The Heart of La Crosse Cast
I’m the one cast member who made it because my spouse declined. Initially, Lisa Olson and a Director wanted my wife to audition. She balked saying “who you really want is my husband”; something I’m not sure any husband wants to hear.
At any rate, I did some improv gigs then got the opportunity in 2007 to hit the big time. I guess the Central Class of ’87 honor of “Class Clown” got me more than just an arrest record.
Growing up I loved the Carol Burnett Show, Cheers and Monty Python. The Python’s were fascinating to me because they were so different. It was blatantly obvious they weren’t part of the American sitcom type of writing or comedy and they really hooked me. Honestly, I think the Python’s expanded my vocabulary more than any English class I ever took.
I love sketches about everyday life or the human condition as opposed to politics and current events. To me, daily experiences are more absurd than anything you’ll watch on Television. That strangeness, that break from ordinary expectations just fires my imagination. Well, that and puns. Word play always makes me laugh. Lisa Olson and I are slowly trying to convert her husband Todd, into a punster. It’s a slow process, but I’m sure we’ll win him over.
My favorite character to play was Mayor Matt Harter. The interpretation was never meant to insult, just to laugh at the strangeness of having such a young Mayor in charge of our city. I think my favorite sketch was from 2007, the “Three Billy Goats Gruff”. It was bizarre and so much fun, probably because it was so strange.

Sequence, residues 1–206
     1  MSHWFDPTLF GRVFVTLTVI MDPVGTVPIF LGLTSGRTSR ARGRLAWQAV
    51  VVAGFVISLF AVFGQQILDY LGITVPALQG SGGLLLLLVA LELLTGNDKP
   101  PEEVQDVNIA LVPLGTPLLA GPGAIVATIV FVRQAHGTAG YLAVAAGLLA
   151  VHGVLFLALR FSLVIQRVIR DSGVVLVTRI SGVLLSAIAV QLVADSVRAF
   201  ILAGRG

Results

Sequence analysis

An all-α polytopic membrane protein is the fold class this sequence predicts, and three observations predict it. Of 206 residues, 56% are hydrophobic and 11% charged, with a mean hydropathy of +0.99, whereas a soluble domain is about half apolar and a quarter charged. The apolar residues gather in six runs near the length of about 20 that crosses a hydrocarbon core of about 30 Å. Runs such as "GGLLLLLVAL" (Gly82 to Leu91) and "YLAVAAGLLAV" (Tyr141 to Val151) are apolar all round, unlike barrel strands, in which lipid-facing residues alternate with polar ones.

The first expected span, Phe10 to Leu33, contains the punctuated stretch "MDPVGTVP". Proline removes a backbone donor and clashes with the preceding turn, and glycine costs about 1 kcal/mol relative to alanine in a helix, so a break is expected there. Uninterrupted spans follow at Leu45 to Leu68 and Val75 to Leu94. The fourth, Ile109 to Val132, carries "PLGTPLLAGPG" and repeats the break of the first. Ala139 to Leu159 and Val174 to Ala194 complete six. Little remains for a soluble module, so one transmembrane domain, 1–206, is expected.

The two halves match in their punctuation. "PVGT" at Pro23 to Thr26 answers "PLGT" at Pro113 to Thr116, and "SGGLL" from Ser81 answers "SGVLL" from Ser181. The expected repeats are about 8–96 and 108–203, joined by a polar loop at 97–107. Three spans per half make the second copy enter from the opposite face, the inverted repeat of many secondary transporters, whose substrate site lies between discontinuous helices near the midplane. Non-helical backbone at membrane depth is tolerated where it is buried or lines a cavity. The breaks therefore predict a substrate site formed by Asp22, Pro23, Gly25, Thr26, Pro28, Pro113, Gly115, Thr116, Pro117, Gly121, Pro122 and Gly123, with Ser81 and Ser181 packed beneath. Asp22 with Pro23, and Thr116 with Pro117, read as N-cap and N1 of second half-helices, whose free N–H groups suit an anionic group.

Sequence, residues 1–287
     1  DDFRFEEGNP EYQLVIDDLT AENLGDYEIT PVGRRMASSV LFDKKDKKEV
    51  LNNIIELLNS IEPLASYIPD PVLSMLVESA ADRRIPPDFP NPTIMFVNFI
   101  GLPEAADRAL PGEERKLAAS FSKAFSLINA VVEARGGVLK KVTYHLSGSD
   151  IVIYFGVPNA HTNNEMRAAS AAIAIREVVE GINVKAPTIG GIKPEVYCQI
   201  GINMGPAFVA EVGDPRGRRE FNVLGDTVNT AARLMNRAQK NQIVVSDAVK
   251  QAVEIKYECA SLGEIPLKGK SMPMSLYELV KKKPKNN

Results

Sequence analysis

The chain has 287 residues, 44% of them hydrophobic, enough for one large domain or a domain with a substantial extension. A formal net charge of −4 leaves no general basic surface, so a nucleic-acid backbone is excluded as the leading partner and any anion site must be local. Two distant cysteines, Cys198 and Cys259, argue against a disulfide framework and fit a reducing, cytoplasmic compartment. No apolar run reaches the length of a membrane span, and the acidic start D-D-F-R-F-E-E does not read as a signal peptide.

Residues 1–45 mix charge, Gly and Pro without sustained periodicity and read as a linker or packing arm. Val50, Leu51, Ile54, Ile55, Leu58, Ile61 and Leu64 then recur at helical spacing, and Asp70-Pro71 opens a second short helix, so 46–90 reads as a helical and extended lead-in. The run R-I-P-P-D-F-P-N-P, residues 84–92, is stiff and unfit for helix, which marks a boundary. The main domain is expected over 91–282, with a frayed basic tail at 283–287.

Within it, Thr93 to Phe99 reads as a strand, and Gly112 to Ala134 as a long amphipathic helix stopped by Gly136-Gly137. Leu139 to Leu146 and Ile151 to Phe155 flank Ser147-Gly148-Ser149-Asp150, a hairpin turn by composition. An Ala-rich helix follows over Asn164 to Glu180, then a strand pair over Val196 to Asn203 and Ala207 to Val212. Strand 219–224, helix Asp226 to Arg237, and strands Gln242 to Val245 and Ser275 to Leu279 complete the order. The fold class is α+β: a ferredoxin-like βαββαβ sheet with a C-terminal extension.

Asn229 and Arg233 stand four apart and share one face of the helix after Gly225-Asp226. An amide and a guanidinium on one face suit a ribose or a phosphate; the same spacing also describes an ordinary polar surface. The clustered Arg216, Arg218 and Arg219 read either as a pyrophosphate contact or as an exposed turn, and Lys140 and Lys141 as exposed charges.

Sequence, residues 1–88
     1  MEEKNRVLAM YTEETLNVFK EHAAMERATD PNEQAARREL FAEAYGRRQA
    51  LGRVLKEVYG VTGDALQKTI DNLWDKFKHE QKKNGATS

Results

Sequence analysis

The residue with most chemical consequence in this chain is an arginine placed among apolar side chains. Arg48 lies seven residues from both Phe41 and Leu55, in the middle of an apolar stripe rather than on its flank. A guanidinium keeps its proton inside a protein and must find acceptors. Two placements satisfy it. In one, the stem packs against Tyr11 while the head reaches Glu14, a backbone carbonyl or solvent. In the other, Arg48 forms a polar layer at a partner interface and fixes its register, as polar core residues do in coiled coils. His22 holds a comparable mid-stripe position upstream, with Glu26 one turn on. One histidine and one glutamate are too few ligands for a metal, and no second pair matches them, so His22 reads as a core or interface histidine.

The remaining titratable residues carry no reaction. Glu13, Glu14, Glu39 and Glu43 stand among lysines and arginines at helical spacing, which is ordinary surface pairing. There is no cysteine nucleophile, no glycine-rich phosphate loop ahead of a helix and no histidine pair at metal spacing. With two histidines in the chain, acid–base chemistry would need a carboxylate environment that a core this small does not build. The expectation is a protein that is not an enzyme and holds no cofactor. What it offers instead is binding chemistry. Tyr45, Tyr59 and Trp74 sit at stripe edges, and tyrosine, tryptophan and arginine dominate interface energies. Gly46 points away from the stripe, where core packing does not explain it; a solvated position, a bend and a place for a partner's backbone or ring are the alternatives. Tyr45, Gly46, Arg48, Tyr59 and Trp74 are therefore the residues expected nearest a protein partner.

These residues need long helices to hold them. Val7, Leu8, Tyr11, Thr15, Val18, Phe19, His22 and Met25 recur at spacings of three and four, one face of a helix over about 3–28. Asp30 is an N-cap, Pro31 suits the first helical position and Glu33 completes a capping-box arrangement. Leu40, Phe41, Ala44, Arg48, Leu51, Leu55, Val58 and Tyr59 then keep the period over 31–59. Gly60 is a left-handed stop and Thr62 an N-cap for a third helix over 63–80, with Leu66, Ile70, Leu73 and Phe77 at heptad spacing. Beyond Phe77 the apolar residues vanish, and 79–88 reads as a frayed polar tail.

I love laughing with these people. Standing backstage listening to people get applause from lines I helped write is amazingly rewarding for me. The great thing about Heart is, it doesn’t matter who gets the laugh as long as the audience gets to laugh.
Back in the early 70’s, I was a kid who found escape and inspiration in television programs. Then I’d have my own shows where I’d arrange my Barbies as the audience and perform songs and comedy for them. They never failed to be entertained.
The Carol Burnett Show was a favorite of mine, the way Carol, Harvey and Tim got each other laughing. Looking back, that was my first dose of improv. I also loved “All In The Family” because it was a comfort to see the dysfunction and “The Tonight Show” because, like me, Johnny had an audience (but his was made up of real people.)
In 1999 I was singing with the La Crescent Apple Annies and a family member encouraged me to audition for the Heart Of La Crosse because “They need another female”. I had no idea what I was in for.
My favorite characters to play are Gladys, a sassy elder and the lovable redneck Lurlene from “Cletus & Lurlene”. I love singing song parodies Brad Williams’ has penned. My best loved are “The Breakfast Song” (2007) and “Bliss Road Up To Grandad” (2011).
Maury & Irv sketches with Todd Olson and Brad Williams always make me chuckle and Tracy Ballzer absolutely kills it as the Bachelorette each time we do “Dating Game”. I also remember laughing every night when Doug Lietke performed as the Norwegian Rapper “Lutefisk”.